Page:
For instance, in Galatians 6:6, Paul tells us, “Anyone who receives instruction in the word must share all good things with his instructor.” So, if we are being taught from God’s word by someone or through some ministry outside of our church, we “must” give to that person or ministry. In fact, Paul gave quite a “dressing down” to the church at Corinth when they complained about being told to give him and Barnabas money! (See 1 Corinthians 9:4-12) Paul also explained this concept to Timothy in 1 Timothy 5:18, saying, “For the Scripture says, ‘Do not muzzle the ox while it is treading out the grain,’ and ‘The worker deserves his wages.’”.
Other places we can give include the poor, those in prison, various ministries, and any time we see a need that we can fill, like when a family loses everything in a house fire or storm. So, as you can see, if we limit God to the 10% tithe, giving only to our local church, there are many, many needs that would not be met. And this brings us back to the scripture we where we started, ““Each man should give what he has decided in his heart to give, not reluctantly or under compulsion, for God loves a cheerful giver.”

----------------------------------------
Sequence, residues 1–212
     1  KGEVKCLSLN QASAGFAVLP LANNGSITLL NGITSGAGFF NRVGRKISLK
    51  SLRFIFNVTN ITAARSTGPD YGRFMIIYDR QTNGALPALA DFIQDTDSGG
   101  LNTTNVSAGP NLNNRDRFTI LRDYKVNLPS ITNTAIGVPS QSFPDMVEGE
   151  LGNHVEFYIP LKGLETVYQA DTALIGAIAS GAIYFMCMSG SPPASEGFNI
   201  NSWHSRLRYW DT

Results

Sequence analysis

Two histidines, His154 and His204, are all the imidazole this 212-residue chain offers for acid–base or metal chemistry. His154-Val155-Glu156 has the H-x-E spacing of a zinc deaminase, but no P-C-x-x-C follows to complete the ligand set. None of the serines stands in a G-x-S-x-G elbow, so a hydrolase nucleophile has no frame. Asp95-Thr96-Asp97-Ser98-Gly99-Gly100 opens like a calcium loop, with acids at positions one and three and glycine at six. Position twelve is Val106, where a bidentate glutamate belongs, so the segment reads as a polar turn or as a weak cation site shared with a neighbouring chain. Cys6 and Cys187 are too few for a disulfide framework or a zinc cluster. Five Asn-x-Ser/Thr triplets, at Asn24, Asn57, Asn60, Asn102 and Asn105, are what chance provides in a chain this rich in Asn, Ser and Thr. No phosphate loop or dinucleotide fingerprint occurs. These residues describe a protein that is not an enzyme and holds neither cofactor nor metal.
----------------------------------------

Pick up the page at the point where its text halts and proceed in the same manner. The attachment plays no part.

Each of us knows how much money we have available… and we know what our monthly or weekly budget is. We should allow the Holy Spirit to guide us in our giving, letting Him show us how much to give and to whom or to what we should give. There are only two other very important things to remember…
First, we should never become legalistic about giving. That means, if you feel like you have to give, you’re being legalistic. If you feel like you’re earning “points” with God by giving, you’re being legalistic. If you’re giving in order to receive blessings from God, you’re being legalistic. Your only motivation for giving should be your desire to bring glory to God… if you’re doing that, you’re not being legalistic!
Last, we should give cheerfully, as 2 Corinthians 9:7 says… That means that you get more excited about giving than the person or entity that you’re giving to will be upon receiving! That means that you can hardly wait to give to that person or entity, and anticipate it like a kid waiting for Christmas!
Examine your giving in light of what God says. Are you giving in accordance with God’s word? If not, you should prayerfully consider beginning to give today… and be sure to get excited about it!
©2012 Dogwood Ministries, Inc.